Contemporary Indigenous Dance: Continuing Connections to Culture

For the Aboriginal and Torres Strait Islander peoples, dance has always been a significant part of their culture and traditions. In First Nations’ culture, dance serves as a crucial form of storytelling, from one generation to the next. In the twenty-first century, these traditions continue, however they are now often blended with contemporary forms of dance.

Bangara Dance Theatre production: Bennelong. Image sources from Bangara (2017).

Training institutions such the National Aboriginal Islander Skills Development Association (NAISDA) and dance companies such Bangarra Dance Theatre bring traditional Indigenous dance to the modern world. These institutions use dance as a form of artistic expression to bridge the gap between Indigenous culture and mainstream Australia. Dance can be seen as a universal language as it has the ability to form cross-cultural and inter-generational links.

Hans Ahwang is a Torres Strait Islander dancer who embodies and creates these cross-cultural and inter-generational links. He is a Moa Island man who grew up learning the traditional dances of his peoples from his family and community. Ahwang has continued on to become a leading Torres Strait Islander dancer and choreographer. Within Torres Strait Islander culture, dance is an important part of storytelling, as well as the preservation of history and knowledge. As explained by Ephraim Bani, a Torres Strait Islander singer and performer, dancing is the ‘literature’ of the Torres Strait Islander people:

“The importance of dancing and songs in the Torres Strait Islands…is not mere entertainment…it is the most important aspect of Torres Strait lifestyle. The Torres Strait Islanders preserve and present their oral history through songs and dances; in other words, the songs and dances are Torres Strait literature material. Just like any written materials, which are usually illustrations, the dances act as illustrative material and, of course, the dancer himself is the storyteller” - Ephraim Bani, 1979.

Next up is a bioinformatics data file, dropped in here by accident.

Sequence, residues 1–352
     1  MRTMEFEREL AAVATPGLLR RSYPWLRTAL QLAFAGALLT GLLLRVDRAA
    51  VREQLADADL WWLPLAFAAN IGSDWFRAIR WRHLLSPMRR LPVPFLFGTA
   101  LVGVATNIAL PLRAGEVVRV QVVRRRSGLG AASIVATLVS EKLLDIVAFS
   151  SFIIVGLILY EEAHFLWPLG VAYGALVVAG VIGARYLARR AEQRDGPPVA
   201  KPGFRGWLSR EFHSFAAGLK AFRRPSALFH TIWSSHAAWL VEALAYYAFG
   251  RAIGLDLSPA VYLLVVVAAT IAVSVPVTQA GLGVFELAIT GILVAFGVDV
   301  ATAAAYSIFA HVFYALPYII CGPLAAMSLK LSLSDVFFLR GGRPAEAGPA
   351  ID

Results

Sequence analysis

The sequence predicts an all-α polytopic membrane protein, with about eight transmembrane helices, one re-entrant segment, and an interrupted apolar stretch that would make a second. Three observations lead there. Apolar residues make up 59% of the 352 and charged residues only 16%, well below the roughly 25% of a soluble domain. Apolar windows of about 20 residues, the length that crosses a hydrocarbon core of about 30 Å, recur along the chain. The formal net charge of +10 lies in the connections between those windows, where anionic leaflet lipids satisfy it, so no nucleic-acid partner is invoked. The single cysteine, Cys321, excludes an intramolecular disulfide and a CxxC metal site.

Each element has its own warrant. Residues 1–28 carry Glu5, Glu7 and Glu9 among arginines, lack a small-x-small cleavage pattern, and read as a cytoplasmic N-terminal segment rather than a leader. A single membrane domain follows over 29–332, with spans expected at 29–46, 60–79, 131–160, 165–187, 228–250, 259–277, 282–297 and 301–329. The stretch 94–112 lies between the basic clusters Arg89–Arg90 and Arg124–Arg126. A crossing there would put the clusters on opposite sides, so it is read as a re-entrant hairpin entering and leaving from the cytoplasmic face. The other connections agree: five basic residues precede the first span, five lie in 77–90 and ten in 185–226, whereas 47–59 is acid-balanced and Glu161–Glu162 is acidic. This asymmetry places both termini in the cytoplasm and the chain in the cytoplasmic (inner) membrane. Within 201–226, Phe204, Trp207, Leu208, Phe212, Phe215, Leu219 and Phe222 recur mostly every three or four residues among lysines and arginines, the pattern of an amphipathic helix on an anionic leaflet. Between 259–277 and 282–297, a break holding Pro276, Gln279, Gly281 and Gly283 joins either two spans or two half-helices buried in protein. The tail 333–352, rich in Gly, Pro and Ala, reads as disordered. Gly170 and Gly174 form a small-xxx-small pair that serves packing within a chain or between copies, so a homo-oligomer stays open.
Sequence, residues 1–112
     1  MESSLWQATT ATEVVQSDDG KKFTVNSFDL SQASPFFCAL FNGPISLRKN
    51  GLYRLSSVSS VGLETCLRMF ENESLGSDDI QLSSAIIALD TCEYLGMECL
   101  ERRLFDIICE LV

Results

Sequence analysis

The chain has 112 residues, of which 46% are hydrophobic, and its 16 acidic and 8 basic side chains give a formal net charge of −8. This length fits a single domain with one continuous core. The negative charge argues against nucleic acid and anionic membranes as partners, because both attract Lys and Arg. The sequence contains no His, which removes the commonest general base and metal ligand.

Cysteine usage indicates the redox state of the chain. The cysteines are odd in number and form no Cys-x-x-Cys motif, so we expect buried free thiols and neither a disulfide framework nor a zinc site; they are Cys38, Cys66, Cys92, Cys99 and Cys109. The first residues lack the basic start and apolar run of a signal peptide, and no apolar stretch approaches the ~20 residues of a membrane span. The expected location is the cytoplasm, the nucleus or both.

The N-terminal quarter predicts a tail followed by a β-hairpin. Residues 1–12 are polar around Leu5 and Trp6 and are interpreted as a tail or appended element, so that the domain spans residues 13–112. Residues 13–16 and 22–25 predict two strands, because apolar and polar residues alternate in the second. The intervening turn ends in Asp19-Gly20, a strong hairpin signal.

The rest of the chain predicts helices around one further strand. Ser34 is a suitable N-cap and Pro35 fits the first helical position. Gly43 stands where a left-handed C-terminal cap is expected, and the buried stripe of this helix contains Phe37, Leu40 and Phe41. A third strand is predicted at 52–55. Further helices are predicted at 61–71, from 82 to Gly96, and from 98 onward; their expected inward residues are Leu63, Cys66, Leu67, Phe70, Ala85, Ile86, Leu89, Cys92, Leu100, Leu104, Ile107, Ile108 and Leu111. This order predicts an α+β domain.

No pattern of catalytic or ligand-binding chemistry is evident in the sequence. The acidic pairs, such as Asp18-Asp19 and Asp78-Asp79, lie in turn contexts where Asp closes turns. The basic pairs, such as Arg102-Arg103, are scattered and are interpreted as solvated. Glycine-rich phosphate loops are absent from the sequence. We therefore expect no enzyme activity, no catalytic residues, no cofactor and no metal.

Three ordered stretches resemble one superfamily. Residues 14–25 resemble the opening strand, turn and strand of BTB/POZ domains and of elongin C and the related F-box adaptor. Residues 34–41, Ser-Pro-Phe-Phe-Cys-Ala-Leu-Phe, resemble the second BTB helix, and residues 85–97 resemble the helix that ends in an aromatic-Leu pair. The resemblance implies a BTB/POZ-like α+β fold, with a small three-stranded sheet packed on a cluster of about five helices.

Hans Ahwang. Image by Organic Photo.

Ahwang through dance and his many other creative endeavours continues these storytelling traditions. He is a creative who blends his passions of dance, fashion, education and culture to promote Torres Strait Islander culture, as well as to educate the younger generation. Throughout his career, he has worked as a dancer, choreographer, educator, actor and model. 

Ahwang began his journey at NAISDA where he completed a Diploma of Professional Dance Performance. From there, he went on to perform with companies such as Mirramu Dance Company, Gary Lang N.T Dance Company and Arpaka Dance Company. With his keen interest in fashion, Ahwang has modelled for the Australian Indigenous Fashion Week (2014) and Fiji Fashion Week (2015). One of his biggest achievements was in 2016 when he won the “Artist of the Year” NAIDOC award for his contribution to dance, the arts and his Torres Strait Islander community.

Ahwang’s connection to his Torres Strait Islander culture and country has always had a major influence on his roles and creative projects. This can be seen through his performance in Carriberrie. The film is a 14 minute virtual reality experience which takes the viewer on a journey through stunning Australian landscapes and exhibits traditional song and dance performances.

Ahwang has also been heavily involved in the Cairns Indigenous Art Fair (CIAF) for many years. The CIAF provides an opportunistic platform for Hans Ahwang to blend his love of Torres Strait Islander culture, dance and fashion. This year he choreographed for the featured fashion showcase Water is Sacred. The choreography integrated traditional and contemporary movements, designed to accentuate the beautiful flow of the clothing - just like water.

Hans Ahwng performing at McGuffey Art Center. Image sourced from Kluge-Ruhe Aboriginal Art Collection (2016).

Ahwang spends his time between Sydney, Thursday Island and his home Moa Island, where he teaches young students traditional and contemporary dance. He says he experiences much joy when he teaches the students:

“I tell them of my journey, and I can see that it really inspires them. Some of them are very shy and nervous, and I know what that feels like because I used to be like that, so I really try to motivate them to get them out of their shell and get creative.” - Hans Ahwang (Courtesy of Oberon, 2020).

Hans Ahwang is incredibly passionate about reviving and supporting the dance culture of Moa. His dream is to build a dance and cultural studio for Moa Island and the wider Torres Strait communities. Through the studio he will create new opportunities for young people within his community by encouraging a healthy lifestyle on the island.

If you’d like to find out more about what Hans Ahwang is currently up to, you can check out his Instagram account here.

Here at Yarn we love to support all artistic practices and the sharing of Indigenous culture and knowledge through these creative practices. Just like art, dance provides an incredible platform for storytelling and cultural education. It is through dancers such as Hans Ahwang that traditional Indigenous dance is shared and preserved